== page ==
White House press secretary Sean Spicer on Wednesday said no one can know the effects of the American Health Care Act on sick Americans until the bill goes into effect.
Spicer said there are “so many variables” to take into account when trying to make a determination on how legislation would affect people with preexisting conditions, which has been a major sticking point about the legislation in recent days.
“To do an analysis with any level of factual basis would be literally impossible,” Spicer said at the daily White House press briefing.
The American Health Care Act has undergone a number of changes in recent days, including the addition of an amendment that critics say would weaken protections for people with preexisting conditions.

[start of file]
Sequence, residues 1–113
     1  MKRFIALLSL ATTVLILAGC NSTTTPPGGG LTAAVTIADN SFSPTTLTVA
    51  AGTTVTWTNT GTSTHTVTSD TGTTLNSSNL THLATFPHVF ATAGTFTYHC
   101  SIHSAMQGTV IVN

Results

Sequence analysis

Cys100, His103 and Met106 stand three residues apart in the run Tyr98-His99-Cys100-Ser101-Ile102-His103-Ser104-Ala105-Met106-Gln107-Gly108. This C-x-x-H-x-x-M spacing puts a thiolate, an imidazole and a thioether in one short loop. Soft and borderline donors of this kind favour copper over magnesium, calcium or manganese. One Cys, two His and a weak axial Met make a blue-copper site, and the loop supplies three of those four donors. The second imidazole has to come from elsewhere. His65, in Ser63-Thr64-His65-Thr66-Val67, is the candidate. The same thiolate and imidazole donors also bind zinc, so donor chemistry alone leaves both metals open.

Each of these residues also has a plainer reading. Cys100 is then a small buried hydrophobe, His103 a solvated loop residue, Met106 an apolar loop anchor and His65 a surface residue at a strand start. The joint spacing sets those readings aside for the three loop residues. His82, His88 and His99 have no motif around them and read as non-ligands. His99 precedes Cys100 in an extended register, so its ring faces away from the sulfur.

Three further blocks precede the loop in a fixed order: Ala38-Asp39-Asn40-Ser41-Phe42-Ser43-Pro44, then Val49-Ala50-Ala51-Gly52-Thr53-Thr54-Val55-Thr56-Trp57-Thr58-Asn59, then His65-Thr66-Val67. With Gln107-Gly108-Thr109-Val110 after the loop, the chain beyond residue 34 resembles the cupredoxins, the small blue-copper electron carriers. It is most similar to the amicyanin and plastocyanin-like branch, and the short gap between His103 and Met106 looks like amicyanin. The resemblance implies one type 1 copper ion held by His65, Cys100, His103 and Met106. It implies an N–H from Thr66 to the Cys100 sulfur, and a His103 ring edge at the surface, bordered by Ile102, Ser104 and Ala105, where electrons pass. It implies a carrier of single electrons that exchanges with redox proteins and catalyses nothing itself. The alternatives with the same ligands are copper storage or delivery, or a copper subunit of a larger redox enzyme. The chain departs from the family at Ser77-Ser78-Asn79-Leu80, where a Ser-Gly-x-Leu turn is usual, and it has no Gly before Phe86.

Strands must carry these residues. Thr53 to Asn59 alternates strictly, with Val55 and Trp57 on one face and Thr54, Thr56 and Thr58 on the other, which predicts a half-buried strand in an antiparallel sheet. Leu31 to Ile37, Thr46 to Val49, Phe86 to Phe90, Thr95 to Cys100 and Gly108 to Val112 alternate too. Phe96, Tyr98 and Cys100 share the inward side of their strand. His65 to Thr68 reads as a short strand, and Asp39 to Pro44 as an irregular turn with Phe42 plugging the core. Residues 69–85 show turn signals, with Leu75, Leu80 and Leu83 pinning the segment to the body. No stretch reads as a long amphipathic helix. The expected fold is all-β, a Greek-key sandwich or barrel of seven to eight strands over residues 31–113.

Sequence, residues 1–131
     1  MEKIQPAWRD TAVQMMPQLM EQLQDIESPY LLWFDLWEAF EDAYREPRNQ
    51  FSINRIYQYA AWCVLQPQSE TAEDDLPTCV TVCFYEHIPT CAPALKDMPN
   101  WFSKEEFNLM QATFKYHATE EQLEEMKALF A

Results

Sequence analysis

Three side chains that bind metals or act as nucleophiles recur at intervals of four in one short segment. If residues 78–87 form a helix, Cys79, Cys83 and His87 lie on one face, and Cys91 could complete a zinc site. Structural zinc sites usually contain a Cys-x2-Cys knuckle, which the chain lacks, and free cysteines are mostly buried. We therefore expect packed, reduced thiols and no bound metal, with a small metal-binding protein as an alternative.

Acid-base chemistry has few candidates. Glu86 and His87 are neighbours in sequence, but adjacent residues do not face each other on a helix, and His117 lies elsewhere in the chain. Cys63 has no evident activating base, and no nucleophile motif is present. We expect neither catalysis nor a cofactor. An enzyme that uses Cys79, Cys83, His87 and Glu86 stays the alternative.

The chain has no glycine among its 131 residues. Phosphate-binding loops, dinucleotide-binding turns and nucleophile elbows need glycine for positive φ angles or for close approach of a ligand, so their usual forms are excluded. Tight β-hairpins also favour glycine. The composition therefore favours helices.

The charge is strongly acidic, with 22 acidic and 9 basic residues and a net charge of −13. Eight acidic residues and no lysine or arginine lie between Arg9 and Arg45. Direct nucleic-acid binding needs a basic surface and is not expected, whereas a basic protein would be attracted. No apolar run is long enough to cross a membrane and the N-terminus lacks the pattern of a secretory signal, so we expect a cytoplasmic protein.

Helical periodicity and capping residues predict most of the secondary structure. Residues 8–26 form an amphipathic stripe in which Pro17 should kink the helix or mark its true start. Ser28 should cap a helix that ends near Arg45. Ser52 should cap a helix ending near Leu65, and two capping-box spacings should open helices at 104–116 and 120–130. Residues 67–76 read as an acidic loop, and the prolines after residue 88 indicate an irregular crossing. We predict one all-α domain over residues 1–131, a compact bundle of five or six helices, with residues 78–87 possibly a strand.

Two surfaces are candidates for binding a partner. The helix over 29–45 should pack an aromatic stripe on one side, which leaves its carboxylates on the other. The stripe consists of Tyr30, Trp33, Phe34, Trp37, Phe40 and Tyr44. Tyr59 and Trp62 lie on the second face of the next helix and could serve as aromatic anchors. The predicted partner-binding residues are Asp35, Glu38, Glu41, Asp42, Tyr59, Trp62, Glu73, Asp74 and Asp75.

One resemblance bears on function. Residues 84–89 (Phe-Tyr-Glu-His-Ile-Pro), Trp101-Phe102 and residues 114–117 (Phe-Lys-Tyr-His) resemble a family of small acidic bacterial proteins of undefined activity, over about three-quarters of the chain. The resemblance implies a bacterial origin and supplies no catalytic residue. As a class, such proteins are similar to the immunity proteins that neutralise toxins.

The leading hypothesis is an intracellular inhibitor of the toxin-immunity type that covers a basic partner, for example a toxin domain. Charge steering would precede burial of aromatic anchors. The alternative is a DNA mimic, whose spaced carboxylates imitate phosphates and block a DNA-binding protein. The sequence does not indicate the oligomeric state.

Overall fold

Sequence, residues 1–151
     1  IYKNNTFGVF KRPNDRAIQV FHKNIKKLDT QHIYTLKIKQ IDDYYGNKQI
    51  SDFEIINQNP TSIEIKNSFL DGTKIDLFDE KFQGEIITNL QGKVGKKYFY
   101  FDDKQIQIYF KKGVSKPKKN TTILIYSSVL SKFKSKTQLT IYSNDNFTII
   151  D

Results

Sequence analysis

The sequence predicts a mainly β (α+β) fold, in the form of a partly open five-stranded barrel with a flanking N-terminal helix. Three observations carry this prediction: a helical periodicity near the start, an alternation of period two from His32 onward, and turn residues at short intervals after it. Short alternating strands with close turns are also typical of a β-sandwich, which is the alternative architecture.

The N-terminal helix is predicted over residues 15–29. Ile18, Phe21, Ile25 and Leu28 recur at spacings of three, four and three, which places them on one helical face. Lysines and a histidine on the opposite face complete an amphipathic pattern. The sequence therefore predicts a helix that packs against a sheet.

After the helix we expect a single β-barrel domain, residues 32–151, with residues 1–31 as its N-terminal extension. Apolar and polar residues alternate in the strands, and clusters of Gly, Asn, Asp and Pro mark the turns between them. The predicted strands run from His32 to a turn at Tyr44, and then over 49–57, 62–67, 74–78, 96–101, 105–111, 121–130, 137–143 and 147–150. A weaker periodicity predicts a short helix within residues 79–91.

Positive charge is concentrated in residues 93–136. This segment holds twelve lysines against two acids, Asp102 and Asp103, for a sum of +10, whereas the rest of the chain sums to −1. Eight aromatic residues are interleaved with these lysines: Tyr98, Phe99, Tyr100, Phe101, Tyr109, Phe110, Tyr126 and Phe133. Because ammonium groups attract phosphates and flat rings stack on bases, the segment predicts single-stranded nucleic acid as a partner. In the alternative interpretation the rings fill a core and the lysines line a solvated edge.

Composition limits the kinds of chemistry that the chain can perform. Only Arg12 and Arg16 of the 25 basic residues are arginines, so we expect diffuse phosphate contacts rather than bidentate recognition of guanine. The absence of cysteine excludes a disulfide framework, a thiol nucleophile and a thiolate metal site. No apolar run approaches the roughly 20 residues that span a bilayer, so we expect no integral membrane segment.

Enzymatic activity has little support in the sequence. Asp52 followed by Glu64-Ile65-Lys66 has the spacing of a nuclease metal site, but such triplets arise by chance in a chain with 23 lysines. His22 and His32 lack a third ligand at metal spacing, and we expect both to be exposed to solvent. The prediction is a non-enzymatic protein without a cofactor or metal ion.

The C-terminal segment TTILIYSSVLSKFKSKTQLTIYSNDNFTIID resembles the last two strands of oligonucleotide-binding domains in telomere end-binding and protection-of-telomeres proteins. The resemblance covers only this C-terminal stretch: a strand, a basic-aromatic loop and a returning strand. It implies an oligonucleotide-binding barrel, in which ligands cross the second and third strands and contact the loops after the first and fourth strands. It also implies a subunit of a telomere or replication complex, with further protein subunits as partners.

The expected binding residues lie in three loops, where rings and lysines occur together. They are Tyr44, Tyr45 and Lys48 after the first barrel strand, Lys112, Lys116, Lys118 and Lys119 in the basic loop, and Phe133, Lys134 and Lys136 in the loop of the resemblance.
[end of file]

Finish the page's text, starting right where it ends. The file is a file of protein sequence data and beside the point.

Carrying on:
The amendment, offered by Rep. Tom MacArthur, would allow states to apply for waivers to repeal parts of Obamacare’s protections if they can prove it would lower costs. Centrist GOP members have expressed concerns about the addition, because many health-policy analysts say it could undermine protections for people with preexisting conditions.
Spicer argued that the AHCA, even with the amendment, would protect Americans with preexisting conditions. He said they would still have affordable coverage.
The AHCA has not received any updated analysis from the Congressional Budget Office, a nonpartisan federal agency that estimates the effects of of the bill — including coverage gains or losses, the effect on the deficit, and any long-term changes on people’s premiums. The CBO said it would not have a score for the updated AHCA until next week at the earliest.
A GOP source told Business Insider that members expect the AHCA to be brought to the floor of the House on Thursday.
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